Tort Teacher Resources
Find Tort lesson plans and worksheets
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Students examine tort law and defenses to negligence claims. They read case studies, participate in a mock trial, answer questions about the case summaries, and present information to their group about tort law.
Young scholars review the use of intentional torts. In groups, they use specific statements and use them in hypothetical situtations. For each category, they write a statements about the situation and discuss them as a class. They...
Students are introduced to the concept of intentional torts. In groups, they compare and contrast civil and criminal wrongs committed by people. They are given case studies and use the elements of torts to apply to them. They share their...
Students study the concept of negligence. They recognize the difference between civil and criminal law and examine the factors that courts consider when considering if there is a duty and whether it has been breached. They argue either...
Students review the differences between criminal and civil law. In groups, they examine high-profile cases and identify any act of negligence. They create a list of the elements of negligence and answer discussion questions as they watch...
Students explore what it means to be responsible community members/citizens. They consider their duty to act as reasonable people under the circumstances and analyze a negligence case (duty, breach, damages). They detrmine their legal...
Twelfth graders examine the role of courts in environmental law enforcement. Using examples, they identify civil cases brought against large corporations for violating environmental laws. They define new vocabulary and discuss the...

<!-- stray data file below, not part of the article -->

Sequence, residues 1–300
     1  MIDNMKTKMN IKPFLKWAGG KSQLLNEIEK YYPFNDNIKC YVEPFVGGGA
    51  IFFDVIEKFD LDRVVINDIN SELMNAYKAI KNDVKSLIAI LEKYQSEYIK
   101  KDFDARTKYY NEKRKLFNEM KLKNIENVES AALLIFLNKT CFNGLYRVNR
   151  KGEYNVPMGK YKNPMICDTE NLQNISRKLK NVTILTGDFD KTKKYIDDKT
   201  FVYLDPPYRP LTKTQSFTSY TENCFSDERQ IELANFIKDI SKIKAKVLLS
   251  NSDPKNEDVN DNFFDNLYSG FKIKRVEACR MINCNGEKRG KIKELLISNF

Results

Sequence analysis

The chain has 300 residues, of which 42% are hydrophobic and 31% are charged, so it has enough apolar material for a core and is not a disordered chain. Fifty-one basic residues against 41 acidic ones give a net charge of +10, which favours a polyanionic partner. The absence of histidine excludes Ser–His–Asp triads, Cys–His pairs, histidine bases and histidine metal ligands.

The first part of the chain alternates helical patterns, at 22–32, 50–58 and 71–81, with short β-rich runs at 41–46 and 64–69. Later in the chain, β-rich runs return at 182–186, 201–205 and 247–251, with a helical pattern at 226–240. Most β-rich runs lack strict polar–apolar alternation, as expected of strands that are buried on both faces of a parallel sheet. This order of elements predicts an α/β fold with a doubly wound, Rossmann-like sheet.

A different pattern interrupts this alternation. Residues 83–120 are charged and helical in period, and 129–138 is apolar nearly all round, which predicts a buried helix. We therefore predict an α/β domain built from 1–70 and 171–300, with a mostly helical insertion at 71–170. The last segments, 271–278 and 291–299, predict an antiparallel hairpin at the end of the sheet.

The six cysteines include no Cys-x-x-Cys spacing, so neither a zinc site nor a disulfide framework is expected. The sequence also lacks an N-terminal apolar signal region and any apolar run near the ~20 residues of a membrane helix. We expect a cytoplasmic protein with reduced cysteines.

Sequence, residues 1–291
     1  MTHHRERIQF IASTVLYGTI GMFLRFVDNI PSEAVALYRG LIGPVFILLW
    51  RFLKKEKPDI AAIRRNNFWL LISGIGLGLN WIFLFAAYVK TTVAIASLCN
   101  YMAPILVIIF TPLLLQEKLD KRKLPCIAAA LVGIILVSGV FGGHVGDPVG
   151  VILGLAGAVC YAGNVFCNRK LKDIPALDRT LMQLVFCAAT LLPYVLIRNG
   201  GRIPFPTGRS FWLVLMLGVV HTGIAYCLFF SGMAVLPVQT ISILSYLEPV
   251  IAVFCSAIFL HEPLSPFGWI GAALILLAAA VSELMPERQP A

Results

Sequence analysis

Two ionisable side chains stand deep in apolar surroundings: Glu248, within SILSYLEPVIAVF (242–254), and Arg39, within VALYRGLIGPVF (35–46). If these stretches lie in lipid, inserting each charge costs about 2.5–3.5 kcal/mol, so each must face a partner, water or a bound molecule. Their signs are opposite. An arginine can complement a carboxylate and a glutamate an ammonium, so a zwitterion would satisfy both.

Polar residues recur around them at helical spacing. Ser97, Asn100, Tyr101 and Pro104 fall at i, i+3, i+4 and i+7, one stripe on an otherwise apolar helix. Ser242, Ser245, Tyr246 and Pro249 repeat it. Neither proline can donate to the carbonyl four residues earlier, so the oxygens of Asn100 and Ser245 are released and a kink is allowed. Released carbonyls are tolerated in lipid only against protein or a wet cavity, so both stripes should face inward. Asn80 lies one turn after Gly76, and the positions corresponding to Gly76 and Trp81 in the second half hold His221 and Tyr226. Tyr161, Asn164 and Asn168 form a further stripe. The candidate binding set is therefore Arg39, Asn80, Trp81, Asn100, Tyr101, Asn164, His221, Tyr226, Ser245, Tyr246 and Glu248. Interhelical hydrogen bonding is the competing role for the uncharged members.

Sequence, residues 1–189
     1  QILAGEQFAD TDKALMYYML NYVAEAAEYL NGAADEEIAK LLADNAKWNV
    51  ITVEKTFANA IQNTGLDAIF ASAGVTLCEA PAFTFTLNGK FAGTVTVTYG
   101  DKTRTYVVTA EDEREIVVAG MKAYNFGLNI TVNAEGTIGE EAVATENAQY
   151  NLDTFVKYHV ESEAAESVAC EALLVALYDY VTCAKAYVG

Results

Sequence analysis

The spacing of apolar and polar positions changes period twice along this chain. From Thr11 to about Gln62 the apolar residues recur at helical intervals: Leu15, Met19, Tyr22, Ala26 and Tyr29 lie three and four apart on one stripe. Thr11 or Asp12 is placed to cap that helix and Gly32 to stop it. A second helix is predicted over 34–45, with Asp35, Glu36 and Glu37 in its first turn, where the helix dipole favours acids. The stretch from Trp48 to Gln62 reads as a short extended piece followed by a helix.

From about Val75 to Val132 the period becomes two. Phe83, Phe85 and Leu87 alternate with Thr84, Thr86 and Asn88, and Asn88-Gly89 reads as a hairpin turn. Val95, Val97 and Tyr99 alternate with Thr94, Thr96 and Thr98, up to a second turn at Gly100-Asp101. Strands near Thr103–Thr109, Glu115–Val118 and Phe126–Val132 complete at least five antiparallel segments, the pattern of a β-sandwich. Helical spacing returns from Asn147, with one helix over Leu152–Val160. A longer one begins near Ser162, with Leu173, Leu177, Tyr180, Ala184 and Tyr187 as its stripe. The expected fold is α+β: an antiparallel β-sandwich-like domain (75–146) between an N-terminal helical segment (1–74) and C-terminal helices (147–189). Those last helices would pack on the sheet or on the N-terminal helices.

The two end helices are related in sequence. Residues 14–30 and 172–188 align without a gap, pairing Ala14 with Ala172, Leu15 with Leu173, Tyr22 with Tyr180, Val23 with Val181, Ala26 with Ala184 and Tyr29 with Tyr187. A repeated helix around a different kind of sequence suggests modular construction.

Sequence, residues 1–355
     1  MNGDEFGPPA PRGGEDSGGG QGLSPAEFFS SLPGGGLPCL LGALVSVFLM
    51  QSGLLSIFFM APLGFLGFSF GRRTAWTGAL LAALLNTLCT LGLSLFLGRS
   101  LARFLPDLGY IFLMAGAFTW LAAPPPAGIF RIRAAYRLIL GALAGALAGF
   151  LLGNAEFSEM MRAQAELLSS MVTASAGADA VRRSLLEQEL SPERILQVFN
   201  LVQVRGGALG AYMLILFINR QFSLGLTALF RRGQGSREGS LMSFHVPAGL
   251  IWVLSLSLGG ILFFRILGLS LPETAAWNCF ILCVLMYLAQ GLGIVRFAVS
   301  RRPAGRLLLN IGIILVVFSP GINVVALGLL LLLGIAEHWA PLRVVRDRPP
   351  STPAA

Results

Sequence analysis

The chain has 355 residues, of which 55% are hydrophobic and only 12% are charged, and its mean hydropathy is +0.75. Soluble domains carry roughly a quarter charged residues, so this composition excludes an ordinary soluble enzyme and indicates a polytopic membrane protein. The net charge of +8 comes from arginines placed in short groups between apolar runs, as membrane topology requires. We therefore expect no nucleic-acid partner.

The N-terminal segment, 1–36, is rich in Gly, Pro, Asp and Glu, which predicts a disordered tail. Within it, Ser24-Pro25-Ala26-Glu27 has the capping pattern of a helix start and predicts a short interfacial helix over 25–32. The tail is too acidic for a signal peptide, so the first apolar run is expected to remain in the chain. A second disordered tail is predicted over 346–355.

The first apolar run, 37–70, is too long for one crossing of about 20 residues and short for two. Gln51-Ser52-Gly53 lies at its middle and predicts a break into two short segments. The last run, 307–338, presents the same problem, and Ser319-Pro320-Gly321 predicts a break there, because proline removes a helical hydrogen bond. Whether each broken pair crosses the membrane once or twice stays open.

Students are introduced to the concept of contracts in street law. In groups, they compare and contrast contract law with tort law. They identify the basic concepts of each and view examples to see the concepts in use. They also disccuss...
Students examine the three theories of products liability and how tort law effects consumers. They investigate a case study and either represent the plaintiff or the defendant. After presenting their arguments, classmates vote as judges.
Learners study the court process by participating in a mock trial. They demonstrate an understanding of the tort concept of host liability for injuries to third parties.
Read this Vietnamese fairy tale with your advanced French speakers. The story itself is two pages long, and there are two pages of questions that follow. Readers must do their best to guess new vocabulary words in context before they...
An incident with a Swiss Army knife leads to a suit against the police department for battery, false arrest, and intentional infliction of emotional distress in the Brooks v. Lawrence & the Metro City Police Department mock trial...
Young mathematicians put one foot in front of the other as they learn how to measure length in an elementary math lesson. Using paper cutouts of their own feet, children measure classroom objects as they discover the importance of...
School Improvement in Maryland
What's the difference between civil and criminal law? How do the court proceedings differ in these two types of trials? How do the standards of proof differ? Why do these differences exist? As part of their examination of the US court...
In this conditional words quiz worksheet, students complete each of the twelve sentences by selecting the correct conditional word. This is an interactive worksheet.
Students study how laws are different in other states and how some of the laws are the same. They examine the steps that must be taken to get a divorce in Connecticut, North Carolina, and South Carolina. They take a look at the laws...
Eleventh graders examine how nations around the world restrict the privacy of their citizens. In this American Government lesson, 11th graders compare the freedoms of US citizens with those of people living in other nations.
In this be/have instructional activity, learners read about the differences between the 2 words in English and French, then fill in blanks in a paragraph with the correct form of "be" or "have got" in present tense.
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